RAWAH, Iraq -- Far up the beaten dirt road, the front of the ten-vehicle motor transport convoy was barely visible through the fog-like sand hanging in the air.
The Marines had already been driving for about eight hours. Their route took them to three cities in the Al Anbar Province, about 150 miles northwest of Baghdad, bringing supplies to Marines separated from the majority of the Camp Lejeune, N.C.-based 2nd Light Armored Reconnaissance Battalion.
“Pretty much every day we’re on the road,” said Cpl. Ronald Lewis, a 22-year-old motor transport operator. “We bring out supplies, food, drinks, ammo and equipment.”
By 4 p.m., they had been working for eight hours and already completed what the majority of Americans would consider a normal work day. But, they weren’t done yet.
While conducting a patrol in armored humvees around Anah, a city of roughly 20,000 where the ‘Motor-T’ convoy had just resupplied about 120 Marines, a team of combat engineers had run over a hidden improvised explosive device which destroyed the front of their vehicle.
No one was seriously injured, but the Motor-T Marines were now responsible for transporting the destroyed vehicle.
Several hours later, after they used their equipment to load up the damaged humvee, and were set to head back “home,” another call to move a vehicle came in.
“Well, sometimes that’s what happens,” said Lewis, a Clinton, Tenn., native. “You just have to be able to work around the clock.”
They might have long, busy days, but the team of roughly 40 motor transport Marines here seem to take a certain pride in their job.
Motor-T is the link between the infantry Marines who conduct daily security operations and the rest of the battalion. While some U.S. Forces in Iraq enjoy access to military stores to buy goods, internet access and daily “mail call,” in this remote part of the Al Anbar Province many infantry Marines go weeks at a time without these luxuries.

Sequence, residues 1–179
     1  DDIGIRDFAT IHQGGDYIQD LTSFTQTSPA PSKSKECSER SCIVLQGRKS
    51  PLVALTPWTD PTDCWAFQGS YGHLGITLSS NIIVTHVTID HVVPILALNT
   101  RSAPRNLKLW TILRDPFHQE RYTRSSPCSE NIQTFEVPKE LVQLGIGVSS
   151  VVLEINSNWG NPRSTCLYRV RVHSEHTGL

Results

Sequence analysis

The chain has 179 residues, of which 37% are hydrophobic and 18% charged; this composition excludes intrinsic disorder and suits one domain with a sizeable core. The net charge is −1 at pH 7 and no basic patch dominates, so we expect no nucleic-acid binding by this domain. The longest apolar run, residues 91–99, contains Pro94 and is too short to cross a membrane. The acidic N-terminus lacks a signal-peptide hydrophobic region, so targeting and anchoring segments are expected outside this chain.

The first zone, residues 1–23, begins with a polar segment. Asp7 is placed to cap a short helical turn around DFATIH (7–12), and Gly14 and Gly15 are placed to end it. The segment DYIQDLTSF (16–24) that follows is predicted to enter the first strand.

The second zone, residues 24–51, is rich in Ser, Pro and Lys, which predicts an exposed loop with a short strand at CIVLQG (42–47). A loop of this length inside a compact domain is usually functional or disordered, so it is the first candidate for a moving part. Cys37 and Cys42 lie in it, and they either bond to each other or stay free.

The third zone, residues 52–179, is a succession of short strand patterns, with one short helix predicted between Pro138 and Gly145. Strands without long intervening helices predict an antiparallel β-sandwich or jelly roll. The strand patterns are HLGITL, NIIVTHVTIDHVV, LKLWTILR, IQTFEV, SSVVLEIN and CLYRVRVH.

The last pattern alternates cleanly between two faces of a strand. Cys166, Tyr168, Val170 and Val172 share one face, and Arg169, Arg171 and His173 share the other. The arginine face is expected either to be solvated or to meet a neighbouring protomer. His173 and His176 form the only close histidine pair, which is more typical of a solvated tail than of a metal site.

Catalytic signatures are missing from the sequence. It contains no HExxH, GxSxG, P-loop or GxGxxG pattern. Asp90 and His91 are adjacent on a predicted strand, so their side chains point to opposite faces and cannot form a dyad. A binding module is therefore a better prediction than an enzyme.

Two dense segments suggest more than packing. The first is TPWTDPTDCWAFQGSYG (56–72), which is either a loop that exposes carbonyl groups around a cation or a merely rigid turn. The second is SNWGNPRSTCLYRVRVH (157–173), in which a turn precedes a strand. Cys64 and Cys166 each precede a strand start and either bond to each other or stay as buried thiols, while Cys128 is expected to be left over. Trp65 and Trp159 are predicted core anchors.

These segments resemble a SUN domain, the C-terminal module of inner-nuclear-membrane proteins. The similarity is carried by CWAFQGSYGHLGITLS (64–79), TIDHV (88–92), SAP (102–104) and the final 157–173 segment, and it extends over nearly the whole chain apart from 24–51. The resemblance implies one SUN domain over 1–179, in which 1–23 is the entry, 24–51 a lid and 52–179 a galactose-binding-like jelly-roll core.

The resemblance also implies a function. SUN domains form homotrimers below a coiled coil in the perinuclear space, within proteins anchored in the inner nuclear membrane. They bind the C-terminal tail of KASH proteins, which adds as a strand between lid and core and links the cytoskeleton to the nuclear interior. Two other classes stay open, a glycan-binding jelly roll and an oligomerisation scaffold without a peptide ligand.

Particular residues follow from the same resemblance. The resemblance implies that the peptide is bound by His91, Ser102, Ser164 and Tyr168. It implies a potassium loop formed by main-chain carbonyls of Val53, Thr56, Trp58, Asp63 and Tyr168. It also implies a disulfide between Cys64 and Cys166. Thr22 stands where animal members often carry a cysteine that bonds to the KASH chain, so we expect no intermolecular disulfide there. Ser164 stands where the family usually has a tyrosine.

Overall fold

Through their constant convoys, Motor-T helps do the legwork that takes care of their Marines who live “in the field.”
But the responsibility comes with its risks.
“Obviously, when you’re on the road, you’re going to be susceptible to IED attacks and small arms fire,” said 2nd Lt. Jose Guevara, the 30-year-old motor transport officer. “But, dealing with all the heavy equipment, we also have to supervise and make sure that everyone’s safe.”
Maintaining safety and completing their job could be a difficult business, said Guevara, a Victoria, Texas, native. However, the job runs smoothly due to the work of his enlisted noncommissioned officers, many of whom are on their second deployment, and his junior Marines who, he says, “have really stepped up and taken on a lot of responsibility.”
Their hard work and attention to detail is important, Guevara said, because as cliché as the term “complacency kills” might have become to service members in Iraq, it’s the truth.
“We know what to expect and we’re prepared for it,” said Guevara. “It’s almost the same thing over and over, but you can’t let your guard down.”
“Every time you leave the wire, you have to act like it’s the first time,” he said.